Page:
In the past four years the European Union has become an increasingly important actor in the field of defence. One key development, the establishment of a European Defence Fund (EDF) with a budget of 7.953 billion EUR for defence research and development for the period 2021–2027, has generated much interest in academic and policy circles. For some researchers like Tardy, this new actorness marks a welcome break with the past, as it shows that the EU is taking defence seriously and responding to a more threatening external environment. Others see the EDF as the outcome of supranational entrepreneurship by the European Commission over decades. Haroche for example considers it an example of neofunctionalism, while critics of the EDF like Goxho see the EDF mostly as the outcome of gradual lobby capture by the defence industry.
The core argument of our JCMS article Sociotechnical Imaginaries of EU Defence: The Past and the Future in the European Defence Fund is that the EDF is better understood as an outcome of a long process through which certain beliefs about defence technologies and industrial innovation became institutionalised in some EU networks, particularly within the European Commission. We trace the development of a particular narrative on security, innovation, research, and economic growth based on fears of technology gaps with, and dependence on, the US. We show how this narrative became deeply embedded in successive policy initiatives and research programmes, arguing that this sociotechnical vision or imaginary of the future, in existence since the late 1960s, is now materializing in the EDF.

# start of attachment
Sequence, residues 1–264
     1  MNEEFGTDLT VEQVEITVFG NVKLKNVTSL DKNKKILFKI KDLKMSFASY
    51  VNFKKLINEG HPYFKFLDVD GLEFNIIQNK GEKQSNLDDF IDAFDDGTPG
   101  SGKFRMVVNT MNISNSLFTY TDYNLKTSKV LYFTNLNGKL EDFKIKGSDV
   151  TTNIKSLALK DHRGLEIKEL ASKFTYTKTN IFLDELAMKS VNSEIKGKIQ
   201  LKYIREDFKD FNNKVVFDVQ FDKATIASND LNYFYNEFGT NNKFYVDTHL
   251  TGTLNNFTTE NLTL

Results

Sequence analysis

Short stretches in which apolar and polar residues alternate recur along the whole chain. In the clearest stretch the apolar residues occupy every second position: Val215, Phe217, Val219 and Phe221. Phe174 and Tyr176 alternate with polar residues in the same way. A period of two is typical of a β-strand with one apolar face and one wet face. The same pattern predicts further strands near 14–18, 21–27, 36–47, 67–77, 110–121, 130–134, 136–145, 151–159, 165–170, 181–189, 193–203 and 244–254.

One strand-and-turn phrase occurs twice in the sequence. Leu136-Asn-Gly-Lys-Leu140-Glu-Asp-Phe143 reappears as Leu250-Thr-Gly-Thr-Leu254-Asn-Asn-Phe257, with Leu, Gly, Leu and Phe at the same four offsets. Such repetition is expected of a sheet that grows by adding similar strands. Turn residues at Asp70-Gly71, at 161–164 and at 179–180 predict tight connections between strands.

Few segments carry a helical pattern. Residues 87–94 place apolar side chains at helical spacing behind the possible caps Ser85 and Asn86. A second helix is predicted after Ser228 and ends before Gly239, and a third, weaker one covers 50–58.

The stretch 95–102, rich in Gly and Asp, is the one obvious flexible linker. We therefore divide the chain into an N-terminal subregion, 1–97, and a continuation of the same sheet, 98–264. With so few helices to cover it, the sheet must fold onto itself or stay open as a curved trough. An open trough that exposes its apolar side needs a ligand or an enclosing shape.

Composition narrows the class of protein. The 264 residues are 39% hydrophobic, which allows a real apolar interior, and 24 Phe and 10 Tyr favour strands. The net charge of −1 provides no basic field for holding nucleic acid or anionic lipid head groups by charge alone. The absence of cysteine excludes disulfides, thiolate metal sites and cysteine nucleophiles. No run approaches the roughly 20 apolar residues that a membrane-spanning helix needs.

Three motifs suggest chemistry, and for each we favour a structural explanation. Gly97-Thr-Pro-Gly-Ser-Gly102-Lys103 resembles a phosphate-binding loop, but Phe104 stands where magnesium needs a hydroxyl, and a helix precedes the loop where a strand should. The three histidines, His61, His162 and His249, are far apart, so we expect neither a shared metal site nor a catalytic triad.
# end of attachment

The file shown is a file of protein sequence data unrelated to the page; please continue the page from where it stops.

Theoretically, we draw on Science and Technology Studies to deploy the concept of sociotechnical imaginaries to analyse how political outcomes are shaped by collectively held visions of desired futures that are attainable through, and supportive of, advances in science and technology. We build on the six elements of Jasanoff’s definition of the imaginary: 1) a vision of a desired future; 2) collectively held; 3) institutionally stabilized; 4) publicly performed; 5) animated by shared understandings of forms of social life and social order; 6) attainable through, and supportive of, advances in science and technology.
We show how the ideas about a desired, future EU defence emerged in the 1960s and how several initiatives tried to enact them, how these ideas were promoted for decades and stabilized in the early 2000s, and how the EDF constitutes the materialization of these ideas, through public performance and institutional anchoring in both industrial and defence bureaucracies. Using an historiographical methodology, we draw on these insights to argue that current EU innovation, industrial and defence policies are entwined in wider political and social understandings about the past, present and future.